Pain from illnesses such as cancer, pheochromocytoma, complex regional pain syndrome, or sickle cell disease can manifest during pregnancy or present as a preexisting condition.
Analgesic rules during pregnancy:
- All opioids and non-opioid analgesics can pose known or unknown risks to the fetus.
- Generally, most analgesics pose less risk to the fetus in the first trimester.
- From the late 2nd trimester and onward, increased risk is associated with aspirin due to bleeding concerns; NSAIDs due to premature closure of ductus arteriosus; and opioids (broadly, they should be avoided throughout pregnancy, unless they are necessary to treat acute pain or addiction).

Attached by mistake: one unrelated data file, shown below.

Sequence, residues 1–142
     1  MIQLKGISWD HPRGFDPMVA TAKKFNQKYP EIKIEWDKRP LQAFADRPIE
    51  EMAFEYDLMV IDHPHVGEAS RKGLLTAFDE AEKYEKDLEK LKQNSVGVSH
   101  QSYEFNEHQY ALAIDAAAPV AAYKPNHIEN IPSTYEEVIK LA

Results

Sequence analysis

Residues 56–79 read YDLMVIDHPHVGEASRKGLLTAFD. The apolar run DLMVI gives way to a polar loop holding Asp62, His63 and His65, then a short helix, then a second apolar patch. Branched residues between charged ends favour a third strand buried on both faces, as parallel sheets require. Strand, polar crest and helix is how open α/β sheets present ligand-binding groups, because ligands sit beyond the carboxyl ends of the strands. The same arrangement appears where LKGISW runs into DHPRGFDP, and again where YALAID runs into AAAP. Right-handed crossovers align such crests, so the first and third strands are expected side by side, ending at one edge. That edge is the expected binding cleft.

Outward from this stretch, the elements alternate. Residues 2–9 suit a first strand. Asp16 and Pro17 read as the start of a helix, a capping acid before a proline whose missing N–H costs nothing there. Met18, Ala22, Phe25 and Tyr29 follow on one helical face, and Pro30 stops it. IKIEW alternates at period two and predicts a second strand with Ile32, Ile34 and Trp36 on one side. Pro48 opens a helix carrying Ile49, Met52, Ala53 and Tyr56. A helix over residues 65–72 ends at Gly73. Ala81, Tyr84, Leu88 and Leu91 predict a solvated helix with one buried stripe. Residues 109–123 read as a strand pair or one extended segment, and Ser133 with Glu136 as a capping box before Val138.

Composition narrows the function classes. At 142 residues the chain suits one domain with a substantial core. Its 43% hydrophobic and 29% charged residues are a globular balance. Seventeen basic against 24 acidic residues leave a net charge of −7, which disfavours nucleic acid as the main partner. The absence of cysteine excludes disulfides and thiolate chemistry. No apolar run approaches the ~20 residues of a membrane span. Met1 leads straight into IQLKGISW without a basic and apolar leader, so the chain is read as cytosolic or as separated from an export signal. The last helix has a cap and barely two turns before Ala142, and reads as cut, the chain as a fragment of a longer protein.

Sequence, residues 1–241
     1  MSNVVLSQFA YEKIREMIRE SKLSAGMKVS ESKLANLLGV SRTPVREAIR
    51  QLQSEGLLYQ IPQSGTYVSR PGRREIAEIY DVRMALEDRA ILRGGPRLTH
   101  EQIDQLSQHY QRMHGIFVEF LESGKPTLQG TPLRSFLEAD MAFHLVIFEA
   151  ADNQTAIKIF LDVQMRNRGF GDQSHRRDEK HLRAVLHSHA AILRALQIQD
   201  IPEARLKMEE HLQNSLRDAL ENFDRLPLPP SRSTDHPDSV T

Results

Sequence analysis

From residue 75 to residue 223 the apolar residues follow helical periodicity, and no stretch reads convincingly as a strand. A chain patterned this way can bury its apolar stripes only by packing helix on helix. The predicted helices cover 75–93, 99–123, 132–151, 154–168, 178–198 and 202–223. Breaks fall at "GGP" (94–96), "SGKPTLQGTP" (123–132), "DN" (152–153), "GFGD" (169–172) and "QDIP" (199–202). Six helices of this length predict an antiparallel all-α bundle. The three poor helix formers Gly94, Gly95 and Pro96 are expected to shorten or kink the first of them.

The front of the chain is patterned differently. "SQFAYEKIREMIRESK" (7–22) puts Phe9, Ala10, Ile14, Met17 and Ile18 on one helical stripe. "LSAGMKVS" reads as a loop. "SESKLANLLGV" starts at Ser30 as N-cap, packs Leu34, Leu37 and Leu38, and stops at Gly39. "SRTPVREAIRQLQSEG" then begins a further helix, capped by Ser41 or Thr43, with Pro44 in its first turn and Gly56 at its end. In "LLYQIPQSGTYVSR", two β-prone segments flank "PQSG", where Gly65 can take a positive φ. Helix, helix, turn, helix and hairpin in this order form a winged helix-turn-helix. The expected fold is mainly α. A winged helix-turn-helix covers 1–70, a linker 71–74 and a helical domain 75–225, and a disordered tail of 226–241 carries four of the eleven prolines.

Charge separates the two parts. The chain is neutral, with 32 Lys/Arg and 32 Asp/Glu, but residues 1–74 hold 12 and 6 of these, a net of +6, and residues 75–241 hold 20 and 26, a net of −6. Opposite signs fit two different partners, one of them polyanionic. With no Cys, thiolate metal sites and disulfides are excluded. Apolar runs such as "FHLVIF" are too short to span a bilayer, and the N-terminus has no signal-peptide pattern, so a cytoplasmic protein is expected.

Counseling bottom line
Changes in physiology of the woman and fetus throughout pregnancy affect the maternal and fetal bioavailability of opioids and require ongoing dose adjustments when opioids are prescribed.
Although there is limited evidence, it is necessary to remember the following:
- Avoid codeine, oxycodone, and hydrocodone due to a potential increased risk of birth defects.
- Morphine, fentanyl, or hydromorphone may be the opioids of choice for pain; methadone or buprenorphine for opioid addiction; and fentanyl for breastfeeding mothers.
- Opioid use longer than a few weeks may result in neonatal abstinence syndrome and should be instituted with caution.
See reference for more information.
Adapted from Malotte KL, Hirsch, Groninger H. Palliative Care Network of Wisconsin. Fast facts and concepts #344. Opioids for serious illness during pregnancy. Internet. Accessed on January 4, 2018.